Chinese typewriter

An electro-mechanical Chinese typewriter was invented and patented by Dr. Lin Yutang. The patent, No. 2613795, was filed on April 17, 1946 by Lin, and was issued by the United States Patent and Trademark Office on October 14, 1952. One of Lin's intentions was to help modernize China. The typewriter was called "MingKwai"; Lin promoted it as "The Only Chinese Typewriter Designed for Everybody's Use." ("Ming kwai" means "clear and quick".)

Lin had a prototype machine custom built by the Carl E. Krum Company, a small engineering-design consulting firm with an office in New York City. That multi-lingual typewriter was the size of conventional office typewriters of the 1940s. It measured 14” x 18” x 9”. The typefaces fit on a drum. A "magic eye" was mounted in the center of the keyboard. When the typist pressed several keys, according to a system Lin devised for his dictionary of the Chinese language, a Chinese character appeared (in the magic eye?). To select a particular character, the typist then pressed a "master" key, similar to today's computer function key. The typewriter could create 7000 distinct characters. It could type additional "words" using combinations of characters, attaining a theoretical total of 90,000 words.

The inspired aspect of the typewriter was the system Lin devised for a Chinese alphabet. It had thirty geometric shapes or strokes. These became "letters" by which to alphabetize Chinese characters. He broke tradition with the long-standing system of radicals and stroke order writing and categorizing of Chinese characters, inventing a new way of seeing and categorizing.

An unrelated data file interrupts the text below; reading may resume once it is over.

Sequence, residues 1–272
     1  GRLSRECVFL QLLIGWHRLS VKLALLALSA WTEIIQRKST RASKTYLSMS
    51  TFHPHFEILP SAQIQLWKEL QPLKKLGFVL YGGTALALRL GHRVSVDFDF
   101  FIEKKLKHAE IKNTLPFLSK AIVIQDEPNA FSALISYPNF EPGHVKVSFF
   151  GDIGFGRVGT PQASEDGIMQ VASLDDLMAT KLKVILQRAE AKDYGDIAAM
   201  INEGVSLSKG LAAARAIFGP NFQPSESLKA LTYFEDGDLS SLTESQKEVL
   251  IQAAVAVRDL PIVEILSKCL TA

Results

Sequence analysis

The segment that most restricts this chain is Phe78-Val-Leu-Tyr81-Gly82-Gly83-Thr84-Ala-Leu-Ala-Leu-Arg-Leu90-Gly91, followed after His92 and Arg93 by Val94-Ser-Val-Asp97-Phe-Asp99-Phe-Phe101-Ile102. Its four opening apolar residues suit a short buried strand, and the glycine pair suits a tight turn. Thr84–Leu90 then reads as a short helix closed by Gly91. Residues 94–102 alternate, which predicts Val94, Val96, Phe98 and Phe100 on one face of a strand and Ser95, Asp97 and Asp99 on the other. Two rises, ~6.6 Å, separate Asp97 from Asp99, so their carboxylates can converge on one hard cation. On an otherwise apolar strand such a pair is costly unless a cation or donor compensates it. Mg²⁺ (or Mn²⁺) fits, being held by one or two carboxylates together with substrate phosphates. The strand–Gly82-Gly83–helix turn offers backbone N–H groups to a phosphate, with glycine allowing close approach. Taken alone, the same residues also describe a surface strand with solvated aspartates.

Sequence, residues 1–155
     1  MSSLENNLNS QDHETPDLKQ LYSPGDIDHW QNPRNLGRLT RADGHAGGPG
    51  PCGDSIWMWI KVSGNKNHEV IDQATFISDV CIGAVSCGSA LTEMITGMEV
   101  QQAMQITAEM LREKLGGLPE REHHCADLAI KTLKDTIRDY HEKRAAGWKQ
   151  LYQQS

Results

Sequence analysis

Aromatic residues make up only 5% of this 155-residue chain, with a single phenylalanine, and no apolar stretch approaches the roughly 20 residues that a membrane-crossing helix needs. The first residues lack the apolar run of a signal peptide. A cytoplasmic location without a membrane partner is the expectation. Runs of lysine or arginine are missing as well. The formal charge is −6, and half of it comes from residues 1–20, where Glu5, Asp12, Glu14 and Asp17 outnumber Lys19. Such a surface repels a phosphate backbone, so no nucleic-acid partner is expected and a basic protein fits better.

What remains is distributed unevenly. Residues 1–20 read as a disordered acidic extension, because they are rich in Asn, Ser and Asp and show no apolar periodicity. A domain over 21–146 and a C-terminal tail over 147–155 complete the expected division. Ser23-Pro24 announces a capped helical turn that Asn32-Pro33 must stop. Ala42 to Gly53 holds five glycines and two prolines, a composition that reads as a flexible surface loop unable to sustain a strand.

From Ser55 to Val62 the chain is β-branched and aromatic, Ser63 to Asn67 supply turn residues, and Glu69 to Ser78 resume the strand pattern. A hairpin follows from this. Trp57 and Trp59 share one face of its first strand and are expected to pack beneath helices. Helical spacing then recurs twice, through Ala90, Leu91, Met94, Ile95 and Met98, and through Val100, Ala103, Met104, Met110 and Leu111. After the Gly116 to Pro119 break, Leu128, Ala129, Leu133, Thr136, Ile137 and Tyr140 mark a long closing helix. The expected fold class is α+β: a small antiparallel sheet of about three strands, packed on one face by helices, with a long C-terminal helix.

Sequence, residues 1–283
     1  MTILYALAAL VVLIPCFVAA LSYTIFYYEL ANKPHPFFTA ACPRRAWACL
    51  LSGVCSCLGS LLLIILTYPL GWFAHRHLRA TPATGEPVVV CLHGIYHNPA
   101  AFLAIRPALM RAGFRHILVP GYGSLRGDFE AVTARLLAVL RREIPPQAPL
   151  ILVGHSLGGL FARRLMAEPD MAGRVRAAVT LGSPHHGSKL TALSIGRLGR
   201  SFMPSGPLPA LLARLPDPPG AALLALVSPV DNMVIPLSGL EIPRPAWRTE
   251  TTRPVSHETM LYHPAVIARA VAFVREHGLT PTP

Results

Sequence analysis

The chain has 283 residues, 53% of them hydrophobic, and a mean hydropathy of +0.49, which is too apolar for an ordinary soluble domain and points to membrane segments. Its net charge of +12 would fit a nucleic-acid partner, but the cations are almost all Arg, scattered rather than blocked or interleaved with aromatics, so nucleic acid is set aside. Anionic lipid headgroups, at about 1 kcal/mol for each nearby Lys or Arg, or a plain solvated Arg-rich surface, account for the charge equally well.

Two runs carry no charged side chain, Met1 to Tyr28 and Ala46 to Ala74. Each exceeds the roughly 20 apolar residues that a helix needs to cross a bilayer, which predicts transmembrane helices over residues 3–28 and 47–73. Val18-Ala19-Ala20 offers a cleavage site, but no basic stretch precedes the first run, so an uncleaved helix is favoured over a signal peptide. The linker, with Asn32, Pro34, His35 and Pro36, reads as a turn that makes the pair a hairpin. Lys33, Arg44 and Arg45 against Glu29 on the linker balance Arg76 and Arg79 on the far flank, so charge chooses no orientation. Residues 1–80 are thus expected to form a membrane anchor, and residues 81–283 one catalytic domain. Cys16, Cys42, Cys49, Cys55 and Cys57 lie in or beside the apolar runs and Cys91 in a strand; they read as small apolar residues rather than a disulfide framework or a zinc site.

The typewriter was not produced commercially. According Lin's daughter, Lin Tai-Yi, the day she was to demonstrate the machine to executives of the Remington Typewriter Company, they could not make it work. Although they did get the machine fixed for a press conference the next day, it was to no avail. Lin found himself deeply in debt. In 1947, Lin paid income taxes owed to the Internal Revenue Service and went to work in Paris for UNESCO.


  • Lin Yutang and Y.R. Chao, another linguist and scholar, worked out a scheme for writing Mandarin Chinese with the Roman alphabet. Known as Gwoyeu Romatzyh, it pioneered a way of indicating the tones of the Chinese language by varying the way words were spelled out in Roman letters.


  • Bliven, Bruce Jr. The Wonderful Writing Machine. New York: Random House, 1954.
  • Chinese Typewriter: A Real Character Study," Business Week (August 30, 1947), 16.
  • Lin, Tai-Yi. “My Father, Lin Yutang,” Reader’s Digest (December 1990) p:161-191.
  • Lin, Yutang, Lin Yutang’s Chinese-English Dictionary of Modern Usage. Hong Kong: The Chinese University of Hong Kong, 1972.
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